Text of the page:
#amulets #isawgalen #isawnyu #ancientmedicine

For this last #amuletmonday, we take a look at loans in the time of COVID-19, at how digital exhibitions facilitate #con...
06/28/2021

For this last #amuletmonday, we take a look at loans in the time of COVID-19, at how digital exhibitions facilitate #connectingcollections in innovative ways, and at a helpful healing demon named Chnoubis on this green jasper stone from the @kelseymuseum

Chnoubis may look scary at first glance, but this lion-headed demon with the tail of a serpent was believed to be extremely beneficial in preventing and curing digestive troubles. Galen himself was a bit unconvinced of the apotropaic healing powers of Chnoubis, but he did give credence to the ability of a green stone like this to help treat stomach conditions. Chnoubis was one of the most popular additions to amulets, and we see this in the second image in this post, an incredibly similar amulet from the @yalebabyloniancollection

Although we miss seeing objects such as these in person, digital exhibitions like ISAW’s The Emperor’s Physician(link in bio) and online collections like the @kelseymuseum and @yalebabyloniancollection help us stay connected. Here’s hoping Chnoubis might ward off any digestive ills before the holiday weekend!

The Empire's Physician: Prosperity, Plague, and Healing in Ancient Rome is made possible by generous support from the Stavros Niarchos Foundation (SNF) @snforg and the Leon Levy Foundation. Additional support provided by Dr. Angelo D. Reppucci.

Chnoubis amulet. Roman, 1st–5th century CE. Steatite. Egypt. H. 2.5 cm; W. 1.7 cm; D. 0.5 cm. Kelsey Museum of Archaeology: Alexander G. Ruthven; KM 1963.04.0008. Photo: Kelsey Museum of Archaeology.

Amulet. Ob. Chnoubis. Rev: Chnoubis sign surrounded by - chgoymi?. Green stone. Egypt.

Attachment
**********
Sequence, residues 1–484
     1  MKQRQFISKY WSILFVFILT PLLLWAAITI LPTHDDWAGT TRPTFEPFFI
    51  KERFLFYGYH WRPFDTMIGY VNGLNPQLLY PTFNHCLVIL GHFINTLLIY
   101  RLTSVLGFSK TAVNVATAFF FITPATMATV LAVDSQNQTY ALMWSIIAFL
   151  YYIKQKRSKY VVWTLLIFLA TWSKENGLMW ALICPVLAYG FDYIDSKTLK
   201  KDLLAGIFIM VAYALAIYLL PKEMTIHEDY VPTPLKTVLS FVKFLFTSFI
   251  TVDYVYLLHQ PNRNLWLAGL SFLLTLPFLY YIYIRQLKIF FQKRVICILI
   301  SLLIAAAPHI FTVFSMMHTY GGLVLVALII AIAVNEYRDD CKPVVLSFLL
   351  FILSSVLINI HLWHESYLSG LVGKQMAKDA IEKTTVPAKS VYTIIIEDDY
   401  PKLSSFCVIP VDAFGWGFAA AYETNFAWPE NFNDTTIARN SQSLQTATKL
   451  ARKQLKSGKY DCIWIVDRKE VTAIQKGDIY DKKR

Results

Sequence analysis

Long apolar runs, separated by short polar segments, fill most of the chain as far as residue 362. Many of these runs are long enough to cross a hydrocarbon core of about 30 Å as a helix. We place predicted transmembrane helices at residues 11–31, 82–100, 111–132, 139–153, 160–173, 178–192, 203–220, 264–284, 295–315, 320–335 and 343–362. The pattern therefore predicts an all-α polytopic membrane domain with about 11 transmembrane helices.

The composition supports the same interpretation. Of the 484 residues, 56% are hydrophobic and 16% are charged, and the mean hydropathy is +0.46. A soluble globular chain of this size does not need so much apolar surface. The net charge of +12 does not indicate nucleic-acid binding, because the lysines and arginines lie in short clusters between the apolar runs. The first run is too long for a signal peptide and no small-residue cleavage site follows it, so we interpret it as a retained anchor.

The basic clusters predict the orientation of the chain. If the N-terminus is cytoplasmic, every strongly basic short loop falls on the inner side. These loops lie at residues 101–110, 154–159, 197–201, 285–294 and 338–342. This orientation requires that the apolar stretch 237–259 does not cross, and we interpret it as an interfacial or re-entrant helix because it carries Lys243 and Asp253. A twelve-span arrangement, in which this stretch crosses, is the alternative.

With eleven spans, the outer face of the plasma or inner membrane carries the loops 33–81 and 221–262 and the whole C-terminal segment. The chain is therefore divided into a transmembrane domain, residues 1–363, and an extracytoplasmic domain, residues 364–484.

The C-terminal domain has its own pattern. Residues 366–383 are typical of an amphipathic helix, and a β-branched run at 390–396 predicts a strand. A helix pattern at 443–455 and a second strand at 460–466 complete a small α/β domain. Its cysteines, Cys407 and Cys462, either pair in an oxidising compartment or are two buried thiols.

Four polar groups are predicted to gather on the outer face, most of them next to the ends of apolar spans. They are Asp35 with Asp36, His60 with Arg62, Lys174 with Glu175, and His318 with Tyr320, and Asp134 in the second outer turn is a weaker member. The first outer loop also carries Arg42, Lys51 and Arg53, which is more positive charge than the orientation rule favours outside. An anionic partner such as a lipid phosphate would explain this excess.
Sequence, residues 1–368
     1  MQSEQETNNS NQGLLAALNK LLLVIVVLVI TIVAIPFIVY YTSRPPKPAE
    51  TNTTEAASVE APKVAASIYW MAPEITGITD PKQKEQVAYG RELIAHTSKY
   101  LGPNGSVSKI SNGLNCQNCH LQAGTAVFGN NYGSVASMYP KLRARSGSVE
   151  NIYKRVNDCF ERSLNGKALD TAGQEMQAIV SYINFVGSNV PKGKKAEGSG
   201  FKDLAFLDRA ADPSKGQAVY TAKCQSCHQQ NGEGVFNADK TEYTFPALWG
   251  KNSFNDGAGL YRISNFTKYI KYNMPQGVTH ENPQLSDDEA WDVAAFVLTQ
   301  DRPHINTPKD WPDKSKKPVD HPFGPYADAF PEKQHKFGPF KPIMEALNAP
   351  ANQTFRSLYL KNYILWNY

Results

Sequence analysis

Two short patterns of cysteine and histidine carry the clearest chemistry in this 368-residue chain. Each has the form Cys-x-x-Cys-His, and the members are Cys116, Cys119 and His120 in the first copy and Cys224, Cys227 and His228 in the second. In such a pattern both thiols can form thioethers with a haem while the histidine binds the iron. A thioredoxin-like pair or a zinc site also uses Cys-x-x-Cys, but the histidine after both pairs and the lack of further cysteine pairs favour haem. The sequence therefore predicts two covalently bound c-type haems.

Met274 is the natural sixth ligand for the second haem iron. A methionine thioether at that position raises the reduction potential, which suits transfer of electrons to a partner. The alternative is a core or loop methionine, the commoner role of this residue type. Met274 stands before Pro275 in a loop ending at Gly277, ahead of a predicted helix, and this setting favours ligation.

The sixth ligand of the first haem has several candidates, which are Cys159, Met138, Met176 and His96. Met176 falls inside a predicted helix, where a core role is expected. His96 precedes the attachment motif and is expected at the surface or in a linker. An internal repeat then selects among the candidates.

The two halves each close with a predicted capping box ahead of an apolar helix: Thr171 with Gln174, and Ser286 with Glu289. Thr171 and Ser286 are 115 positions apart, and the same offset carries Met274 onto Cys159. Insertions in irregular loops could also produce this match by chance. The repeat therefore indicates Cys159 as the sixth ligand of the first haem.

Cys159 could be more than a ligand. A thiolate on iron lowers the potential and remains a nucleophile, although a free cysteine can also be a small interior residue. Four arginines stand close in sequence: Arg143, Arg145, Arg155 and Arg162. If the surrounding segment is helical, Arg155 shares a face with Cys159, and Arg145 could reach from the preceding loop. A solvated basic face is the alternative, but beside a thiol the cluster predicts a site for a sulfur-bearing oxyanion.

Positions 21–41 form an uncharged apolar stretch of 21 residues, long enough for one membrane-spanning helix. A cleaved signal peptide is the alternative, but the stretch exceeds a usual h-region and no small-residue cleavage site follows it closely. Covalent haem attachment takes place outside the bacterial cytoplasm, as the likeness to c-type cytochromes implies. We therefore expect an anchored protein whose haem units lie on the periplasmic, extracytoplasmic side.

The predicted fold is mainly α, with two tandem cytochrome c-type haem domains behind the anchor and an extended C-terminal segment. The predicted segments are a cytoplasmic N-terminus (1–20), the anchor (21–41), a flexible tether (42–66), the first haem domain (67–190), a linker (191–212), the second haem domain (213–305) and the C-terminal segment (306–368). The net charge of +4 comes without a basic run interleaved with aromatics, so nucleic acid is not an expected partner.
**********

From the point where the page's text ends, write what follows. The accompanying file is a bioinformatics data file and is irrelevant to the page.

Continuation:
BC number 38186; original catalog number YBC 02473 2473.
Photo: BC.038186 (photo by Kaufman, C., 2019).

#isawnyu #isawgalen #ancientmedicine #museumsfromhome #amulets #connectingcollections

For today's #amuletmonday we take a look at this bright blue amulet from BnF - Bibliothèque nationale de France and ask ...
06/21/2021

For today's #amuletmonday we take a look at this bright blue amulet from BnF - Bibliothèque nationale de France and ask what in the world does a cluster of grapes and a uvula (that dangling bit of flesh at the back of your throat) have in common?

Well, to the Romans, the shape of a grape on the vine was the perfect reference for this strange body part. Everything about this amulet, from the engraved grapes, the overall shape of the text, and the very shape of the amulet itself, references this part of the throat. Meant to protect against illness and help heal ailments of the throat, this beautiful blue amulet was one of many such objects used in antiquity for apotropaic medical purposes.

Find out more about the power of amulets at ISAW’s digital exhibition The Emperor’s Physician! Link in bio!

Grape-cluster amulet set in a modern ring. Roman. Lapis lazuli. H. 1.4 cm; W. 1.2 cm; D. 0.2 cm. Bibliothèque nationale de France, Département des Monnaies, Médailles et Antiques: Froehner XIV.36. Photo: Serge Oboukhoff. © BnF-CNRS-Maison Archéologie & Ethnologie, René-Ginouvès. @labnf BnF - Bibliothèque nationale de France

The Empire's Physician: Prosperity, Plague, and Healing in Ancient Rome is made possible by generous support from the Stavros Niarchos Foundation (SNF) Stavros Niarchos Foundation and the Leon Levy Foundation. Additional support provided by Dr. Angelo D. Reppucci.

#isawnyu #isawgalen #ancientmedicine #museumsfromhome
#amulets #connectingcollections

For today's #amuletmonday we take a look at this bright blue amulet from BnF - Bibliothèque nationale de France and ask what in the world does a cluster of grapes and a uvula (that dangling bit of flesh at the back of your throat) have in common?

Well, to the Romans, the shape of a grape on the vine was the perfect reference for this strange body part. Everything about this amulet, from the engraved grapes, the overall shape of the text, and the very shape of the amulet itself, references this part of the throat. Meant to protect against illness and help heal ailments of the throat, this beautiful blue amulet was one of many such objects used in antiquity for apotropaic medical purposes.

Find out more about the power of amulets at ISAW’s digital exhibition The Emperor’s Physician! Link in bio!